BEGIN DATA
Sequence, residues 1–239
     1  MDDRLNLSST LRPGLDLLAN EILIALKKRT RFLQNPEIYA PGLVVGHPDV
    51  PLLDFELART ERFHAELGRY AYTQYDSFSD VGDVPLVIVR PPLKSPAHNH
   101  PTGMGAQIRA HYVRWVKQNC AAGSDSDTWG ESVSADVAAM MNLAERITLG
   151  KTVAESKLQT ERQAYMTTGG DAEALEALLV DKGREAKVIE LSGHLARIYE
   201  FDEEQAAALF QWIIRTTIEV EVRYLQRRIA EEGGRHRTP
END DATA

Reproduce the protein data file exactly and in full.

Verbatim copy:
Sequence, residues 1–239
     1  MDDRLNLSST LRPGLDLLAN EILIALKKRT RFLQNPEIYA PGLVVGHPDV
    51  PLLDFELART ERFHAELGRY AYTQYDSFSD VGDVPLVIVR PPLKSPAHNH
   101  PTGMGAQIRA HYVRWVKQNC AAGSDSDTWG ESVSADVAAM MNLAERITLG
   151  KTVAESKLQT ERQAYMTTGG DAEALEALLV DKGREAKVIE LSGHLARIYE
   201  FDEEQAAALF QWIIRTTIEV EVRYLQRRIA EEGGRHRTP